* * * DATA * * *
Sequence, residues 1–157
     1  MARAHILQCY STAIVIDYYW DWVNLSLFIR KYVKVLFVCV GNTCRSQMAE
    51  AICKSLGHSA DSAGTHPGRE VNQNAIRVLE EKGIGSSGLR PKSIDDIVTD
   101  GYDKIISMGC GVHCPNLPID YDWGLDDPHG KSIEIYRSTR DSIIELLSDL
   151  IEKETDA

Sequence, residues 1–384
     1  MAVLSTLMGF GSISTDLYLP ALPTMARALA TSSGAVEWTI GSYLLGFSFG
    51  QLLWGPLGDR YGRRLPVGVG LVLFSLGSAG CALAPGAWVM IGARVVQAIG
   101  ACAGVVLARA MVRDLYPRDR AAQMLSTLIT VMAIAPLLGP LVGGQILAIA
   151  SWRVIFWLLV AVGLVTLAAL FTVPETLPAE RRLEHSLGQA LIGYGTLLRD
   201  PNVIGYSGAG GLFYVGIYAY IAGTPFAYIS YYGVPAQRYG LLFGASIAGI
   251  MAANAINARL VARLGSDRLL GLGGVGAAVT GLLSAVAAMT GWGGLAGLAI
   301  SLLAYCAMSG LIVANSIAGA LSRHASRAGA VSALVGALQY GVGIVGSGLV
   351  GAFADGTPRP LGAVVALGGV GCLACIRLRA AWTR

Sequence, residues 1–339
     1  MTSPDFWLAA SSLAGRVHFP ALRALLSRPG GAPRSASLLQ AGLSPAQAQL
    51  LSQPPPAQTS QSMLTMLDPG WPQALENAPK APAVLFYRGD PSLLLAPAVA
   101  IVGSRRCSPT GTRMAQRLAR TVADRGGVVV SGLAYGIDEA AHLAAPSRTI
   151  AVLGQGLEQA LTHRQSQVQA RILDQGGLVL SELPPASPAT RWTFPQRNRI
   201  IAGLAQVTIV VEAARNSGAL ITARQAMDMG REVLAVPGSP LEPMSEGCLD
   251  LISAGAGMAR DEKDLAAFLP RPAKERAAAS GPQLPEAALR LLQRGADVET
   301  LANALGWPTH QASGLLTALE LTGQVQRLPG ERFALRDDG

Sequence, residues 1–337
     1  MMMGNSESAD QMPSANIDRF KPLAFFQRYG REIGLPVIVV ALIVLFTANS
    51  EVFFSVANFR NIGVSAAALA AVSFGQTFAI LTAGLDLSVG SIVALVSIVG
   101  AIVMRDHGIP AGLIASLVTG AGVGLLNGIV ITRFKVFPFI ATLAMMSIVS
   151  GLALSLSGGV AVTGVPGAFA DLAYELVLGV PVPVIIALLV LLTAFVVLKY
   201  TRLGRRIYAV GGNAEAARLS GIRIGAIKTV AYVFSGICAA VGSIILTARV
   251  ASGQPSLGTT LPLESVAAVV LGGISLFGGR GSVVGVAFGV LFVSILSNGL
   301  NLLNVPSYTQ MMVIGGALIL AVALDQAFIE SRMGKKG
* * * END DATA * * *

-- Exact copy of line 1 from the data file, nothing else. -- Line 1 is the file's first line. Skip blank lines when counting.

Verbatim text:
Sequence, residues 1–157